In USA Today, Ralph Peters has a fascinating portrait of Vladimir Putin. To Peters, Putin is a hyper-efficient alien–a reptilian predator bearing little resemblance to actors who subscribe to common strategic or even ethical standards. In profiling Putin, Peters actually gets to the heart of the mad challenge that is twenty-first century national security:
Among the many reasons we misjudge Putin is our insistence on seeing him as “like us.” He’s not. His stage-management of the Georgia invasion was a perfect example: Western intelligence agencies had been monitoring Russian activities in the Caucasus for years and fully expected a confrontation. Even so, our analysts assumed that Russia wouldn’t act during this summer’s Olympics, traditionally an interval of peace.
“Not ‘like us’” is the defining characteristic common to all America’s current enemies. Putin’s willingness to invade a neighbor during the Olympics is but the mildest example. In Iran, we face a regime whose founder stated “We do not worship Iran, we worship Allah. For patriotism is another name for paganism. I say let this land [Iran] burn. I say let this land go up in smoke, provided Islam emerges triumphant in the rest of the world.” Not like us.
Al Qaeda is as interested in the glory of self-immolation as in power politics. In a 2007 call to jihad, Osama bin Laden quoted the prophet Muhammad: “I would love to be martyred in Allah’s Cause and then get resurrected and then get martyred, and then get resurrected again and then get martyred and then get resurrected again and then get martyred.” Not like us.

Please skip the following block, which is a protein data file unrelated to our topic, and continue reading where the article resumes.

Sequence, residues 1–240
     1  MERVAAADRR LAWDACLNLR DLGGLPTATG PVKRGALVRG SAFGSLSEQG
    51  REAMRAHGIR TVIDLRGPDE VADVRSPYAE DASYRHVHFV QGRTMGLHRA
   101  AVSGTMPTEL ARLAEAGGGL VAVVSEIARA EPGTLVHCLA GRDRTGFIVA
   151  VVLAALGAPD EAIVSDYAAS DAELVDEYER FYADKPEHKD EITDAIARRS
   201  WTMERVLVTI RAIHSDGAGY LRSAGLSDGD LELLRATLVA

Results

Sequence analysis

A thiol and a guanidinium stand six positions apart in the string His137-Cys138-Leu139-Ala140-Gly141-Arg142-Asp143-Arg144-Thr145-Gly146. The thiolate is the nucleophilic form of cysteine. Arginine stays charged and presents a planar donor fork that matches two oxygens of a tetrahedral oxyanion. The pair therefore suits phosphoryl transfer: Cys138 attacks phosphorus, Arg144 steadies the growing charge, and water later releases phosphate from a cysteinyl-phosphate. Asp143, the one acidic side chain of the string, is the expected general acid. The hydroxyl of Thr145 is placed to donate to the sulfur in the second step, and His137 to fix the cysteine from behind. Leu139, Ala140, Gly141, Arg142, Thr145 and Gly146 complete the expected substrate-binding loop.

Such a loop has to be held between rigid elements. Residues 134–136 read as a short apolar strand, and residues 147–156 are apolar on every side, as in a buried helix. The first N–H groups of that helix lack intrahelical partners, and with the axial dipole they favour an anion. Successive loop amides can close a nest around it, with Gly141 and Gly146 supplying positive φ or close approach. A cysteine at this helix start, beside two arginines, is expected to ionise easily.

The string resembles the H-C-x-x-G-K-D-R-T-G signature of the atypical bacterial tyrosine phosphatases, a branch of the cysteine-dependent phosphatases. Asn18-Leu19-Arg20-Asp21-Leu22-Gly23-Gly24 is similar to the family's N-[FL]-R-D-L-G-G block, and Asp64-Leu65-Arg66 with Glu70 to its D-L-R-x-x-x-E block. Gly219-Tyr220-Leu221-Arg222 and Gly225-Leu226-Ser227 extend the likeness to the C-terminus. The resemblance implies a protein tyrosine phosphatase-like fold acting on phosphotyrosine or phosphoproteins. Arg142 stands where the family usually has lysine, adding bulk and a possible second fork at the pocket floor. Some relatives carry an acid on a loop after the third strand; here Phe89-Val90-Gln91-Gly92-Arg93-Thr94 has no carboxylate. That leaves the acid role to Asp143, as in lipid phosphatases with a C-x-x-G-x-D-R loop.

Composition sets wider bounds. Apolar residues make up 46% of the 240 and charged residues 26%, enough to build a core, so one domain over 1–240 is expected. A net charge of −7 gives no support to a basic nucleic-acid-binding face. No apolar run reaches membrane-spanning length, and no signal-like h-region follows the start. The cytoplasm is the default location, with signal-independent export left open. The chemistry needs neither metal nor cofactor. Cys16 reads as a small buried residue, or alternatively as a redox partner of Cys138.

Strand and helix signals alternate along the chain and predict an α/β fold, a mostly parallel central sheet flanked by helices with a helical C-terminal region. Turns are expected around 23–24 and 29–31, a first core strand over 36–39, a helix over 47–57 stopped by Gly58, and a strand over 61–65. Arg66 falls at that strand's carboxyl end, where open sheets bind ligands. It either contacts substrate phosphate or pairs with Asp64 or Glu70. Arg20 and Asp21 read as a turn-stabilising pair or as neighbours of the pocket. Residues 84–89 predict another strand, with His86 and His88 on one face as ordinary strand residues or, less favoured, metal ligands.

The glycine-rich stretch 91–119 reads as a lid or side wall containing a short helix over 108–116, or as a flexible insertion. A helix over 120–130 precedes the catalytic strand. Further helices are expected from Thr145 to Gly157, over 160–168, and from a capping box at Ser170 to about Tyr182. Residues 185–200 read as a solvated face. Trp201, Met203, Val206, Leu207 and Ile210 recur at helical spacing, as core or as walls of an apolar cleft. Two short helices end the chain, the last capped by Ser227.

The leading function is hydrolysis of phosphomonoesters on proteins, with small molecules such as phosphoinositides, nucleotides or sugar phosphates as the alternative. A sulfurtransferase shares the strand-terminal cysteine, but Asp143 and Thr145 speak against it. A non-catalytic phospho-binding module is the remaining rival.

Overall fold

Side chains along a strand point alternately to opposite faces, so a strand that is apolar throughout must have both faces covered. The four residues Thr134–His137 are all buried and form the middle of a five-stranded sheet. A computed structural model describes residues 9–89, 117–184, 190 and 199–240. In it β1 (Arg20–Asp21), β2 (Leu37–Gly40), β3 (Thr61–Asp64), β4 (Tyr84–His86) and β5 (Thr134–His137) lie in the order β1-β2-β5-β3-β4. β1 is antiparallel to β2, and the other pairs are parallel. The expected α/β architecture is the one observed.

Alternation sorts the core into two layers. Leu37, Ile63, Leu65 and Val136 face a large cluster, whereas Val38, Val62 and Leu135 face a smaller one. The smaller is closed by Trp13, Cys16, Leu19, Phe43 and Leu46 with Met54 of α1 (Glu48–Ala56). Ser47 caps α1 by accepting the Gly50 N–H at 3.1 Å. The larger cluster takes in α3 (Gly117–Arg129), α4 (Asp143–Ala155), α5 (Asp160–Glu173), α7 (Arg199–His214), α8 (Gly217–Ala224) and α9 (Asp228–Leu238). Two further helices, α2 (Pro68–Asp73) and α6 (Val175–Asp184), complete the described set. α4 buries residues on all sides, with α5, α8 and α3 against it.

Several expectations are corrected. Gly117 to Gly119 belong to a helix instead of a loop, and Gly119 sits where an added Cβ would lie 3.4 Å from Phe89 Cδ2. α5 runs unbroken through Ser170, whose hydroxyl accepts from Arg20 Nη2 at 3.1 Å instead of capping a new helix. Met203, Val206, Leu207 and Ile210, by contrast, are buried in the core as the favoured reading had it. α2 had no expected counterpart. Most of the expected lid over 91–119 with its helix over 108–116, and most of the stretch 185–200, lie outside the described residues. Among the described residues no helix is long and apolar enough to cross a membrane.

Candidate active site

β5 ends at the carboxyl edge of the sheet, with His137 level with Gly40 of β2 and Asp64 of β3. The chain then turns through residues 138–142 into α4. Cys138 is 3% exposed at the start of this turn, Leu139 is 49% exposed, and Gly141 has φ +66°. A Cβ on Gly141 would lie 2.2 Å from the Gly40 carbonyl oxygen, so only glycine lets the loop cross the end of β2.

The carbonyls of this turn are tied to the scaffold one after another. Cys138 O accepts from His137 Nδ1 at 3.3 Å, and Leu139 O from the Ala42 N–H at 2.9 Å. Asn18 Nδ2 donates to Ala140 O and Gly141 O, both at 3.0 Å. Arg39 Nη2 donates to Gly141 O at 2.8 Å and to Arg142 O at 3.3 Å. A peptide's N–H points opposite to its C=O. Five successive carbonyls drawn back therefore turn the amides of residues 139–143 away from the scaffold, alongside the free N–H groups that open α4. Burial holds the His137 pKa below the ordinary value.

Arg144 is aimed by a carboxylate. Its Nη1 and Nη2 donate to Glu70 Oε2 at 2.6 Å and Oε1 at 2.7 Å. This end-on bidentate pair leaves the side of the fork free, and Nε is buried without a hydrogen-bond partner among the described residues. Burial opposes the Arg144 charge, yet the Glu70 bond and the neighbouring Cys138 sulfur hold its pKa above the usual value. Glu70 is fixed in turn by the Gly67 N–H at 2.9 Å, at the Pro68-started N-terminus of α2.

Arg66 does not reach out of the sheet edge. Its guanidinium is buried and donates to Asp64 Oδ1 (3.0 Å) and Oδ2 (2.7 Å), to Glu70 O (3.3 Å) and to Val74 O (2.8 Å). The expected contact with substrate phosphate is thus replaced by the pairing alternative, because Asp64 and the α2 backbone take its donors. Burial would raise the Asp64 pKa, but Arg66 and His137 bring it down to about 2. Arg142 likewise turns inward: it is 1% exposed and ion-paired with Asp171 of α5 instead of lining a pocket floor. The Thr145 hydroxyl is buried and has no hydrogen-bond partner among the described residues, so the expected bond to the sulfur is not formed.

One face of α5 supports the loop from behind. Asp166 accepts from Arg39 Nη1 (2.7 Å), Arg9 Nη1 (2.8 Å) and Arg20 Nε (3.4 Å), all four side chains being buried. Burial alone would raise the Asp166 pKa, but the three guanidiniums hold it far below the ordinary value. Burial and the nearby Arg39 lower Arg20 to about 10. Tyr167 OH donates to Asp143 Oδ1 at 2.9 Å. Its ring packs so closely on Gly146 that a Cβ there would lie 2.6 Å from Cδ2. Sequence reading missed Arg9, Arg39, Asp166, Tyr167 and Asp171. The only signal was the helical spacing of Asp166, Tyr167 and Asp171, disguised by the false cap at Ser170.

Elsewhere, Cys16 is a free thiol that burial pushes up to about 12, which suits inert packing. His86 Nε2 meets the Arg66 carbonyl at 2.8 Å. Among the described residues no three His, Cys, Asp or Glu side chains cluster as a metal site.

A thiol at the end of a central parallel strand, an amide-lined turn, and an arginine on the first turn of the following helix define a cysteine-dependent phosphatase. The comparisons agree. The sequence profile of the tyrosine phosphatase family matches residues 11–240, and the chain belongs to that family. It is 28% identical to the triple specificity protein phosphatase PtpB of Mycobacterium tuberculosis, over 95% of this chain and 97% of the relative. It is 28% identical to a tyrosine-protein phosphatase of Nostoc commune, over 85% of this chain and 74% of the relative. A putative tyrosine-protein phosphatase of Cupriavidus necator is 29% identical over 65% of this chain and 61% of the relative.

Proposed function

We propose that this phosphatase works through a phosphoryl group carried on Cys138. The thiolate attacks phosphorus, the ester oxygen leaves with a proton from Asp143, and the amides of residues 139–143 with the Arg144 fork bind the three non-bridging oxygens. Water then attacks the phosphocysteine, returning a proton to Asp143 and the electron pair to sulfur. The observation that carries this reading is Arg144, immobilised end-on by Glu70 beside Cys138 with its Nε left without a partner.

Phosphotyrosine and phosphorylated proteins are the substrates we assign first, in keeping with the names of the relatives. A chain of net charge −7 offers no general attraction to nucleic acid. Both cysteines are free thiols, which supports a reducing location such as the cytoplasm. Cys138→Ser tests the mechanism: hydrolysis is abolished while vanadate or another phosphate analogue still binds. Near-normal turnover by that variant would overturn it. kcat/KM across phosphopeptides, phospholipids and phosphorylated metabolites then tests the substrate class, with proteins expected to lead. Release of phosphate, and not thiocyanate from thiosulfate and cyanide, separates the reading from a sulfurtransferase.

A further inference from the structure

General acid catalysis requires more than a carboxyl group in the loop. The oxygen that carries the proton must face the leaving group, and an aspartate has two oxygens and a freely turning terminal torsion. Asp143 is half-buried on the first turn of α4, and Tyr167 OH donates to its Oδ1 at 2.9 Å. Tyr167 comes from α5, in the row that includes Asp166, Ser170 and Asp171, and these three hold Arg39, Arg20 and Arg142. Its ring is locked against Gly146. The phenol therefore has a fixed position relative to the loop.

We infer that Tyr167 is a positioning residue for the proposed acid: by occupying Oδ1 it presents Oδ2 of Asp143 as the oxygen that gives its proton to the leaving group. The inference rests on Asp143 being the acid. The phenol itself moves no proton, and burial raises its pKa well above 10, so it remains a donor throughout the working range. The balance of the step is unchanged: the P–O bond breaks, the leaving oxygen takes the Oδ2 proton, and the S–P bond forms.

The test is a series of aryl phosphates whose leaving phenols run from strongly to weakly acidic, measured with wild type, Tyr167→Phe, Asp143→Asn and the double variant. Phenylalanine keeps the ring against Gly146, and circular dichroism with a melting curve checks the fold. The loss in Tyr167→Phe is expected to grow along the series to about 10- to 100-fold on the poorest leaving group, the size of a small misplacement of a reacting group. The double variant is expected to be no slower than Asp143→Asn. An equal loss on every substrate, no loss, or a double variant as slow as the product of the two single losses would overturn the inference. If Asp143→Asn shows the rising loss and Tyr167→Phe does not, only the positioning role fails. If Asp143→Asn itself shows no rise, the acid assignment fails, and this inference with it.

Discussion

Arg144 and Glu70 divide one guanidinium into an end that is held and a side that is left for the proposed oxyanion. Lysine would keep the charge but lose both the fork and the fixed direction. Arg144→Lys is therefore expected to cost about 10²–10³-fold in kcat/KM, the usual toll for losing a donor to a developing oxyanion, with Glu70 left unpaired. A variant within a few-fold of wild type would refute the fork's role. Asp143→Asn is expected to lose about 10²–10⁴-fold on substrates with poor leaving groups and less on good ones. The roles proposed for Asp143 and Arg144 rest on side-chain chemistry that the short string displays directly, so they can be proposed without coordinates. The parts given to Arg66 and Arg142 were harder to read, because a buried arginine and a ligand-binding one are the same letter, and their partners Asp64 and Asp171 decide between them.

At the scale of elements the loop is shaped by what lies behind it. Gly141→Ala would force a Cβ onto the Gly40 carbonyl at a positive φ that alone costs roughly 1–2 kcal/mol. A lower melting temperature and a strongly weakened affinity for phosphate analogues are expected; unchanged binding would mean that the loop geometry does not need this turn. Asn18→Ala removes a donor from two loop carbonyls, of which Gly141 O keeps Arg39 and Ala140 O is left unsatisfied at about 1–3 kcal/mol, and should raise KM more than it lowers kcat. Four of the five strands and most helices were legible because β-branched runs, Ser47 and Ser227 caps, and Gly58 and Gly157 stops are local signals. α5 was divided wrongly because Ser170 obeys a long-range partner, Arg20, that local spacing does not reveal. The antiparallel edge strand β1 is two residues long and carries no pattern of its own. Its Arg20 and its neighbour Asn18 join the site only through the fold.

Kim Jong Il’s North Korea is a state so hermetically sealed, it’s impossible to say for sure whether or not its leader still exists. He gives no thought to his country beyond its literal function as his personal human terrarium. Waves of mass starvation roll through the land and it means less to the North Korean leadership than would a box of toys left out in the rain. Not like us.
And here is where actual fear enters the discussion: Barack Obama. A man whose guiding foreign policy principle is the search for common ground. Obama is post-everything, and that includes differences. So who could possibly be “not like” him? On Obama’s website, the very first screen of his foreign policy page offers this quote from the candidate:
This must be the moment when we answer the call of history. For eight years, we have paid the price for a foreign policy that lectures without listening; that divides us from one another–and from the world–instead of calling us to a common purpose.
But what common purpose can we find with the above-mentioned leaders. While there are natural resource dimensions to some of our problems, the heads of Russia, Iran, North Korea, and al Qaeda are driven, above all else, by messianic totalitarianism. (As Peters points out, even Putin’s sense of Russian destiny is informed by a delusional mysticism). Obama went to Berlin and told hundreds of thousands of Germans that “Partnership and cooperation among nations is not a choice; it is the one way, the only way, to protect our common security and advance our common humanity.” It’s a nice thought, but humanity, as such, is far less common than Obama realizes.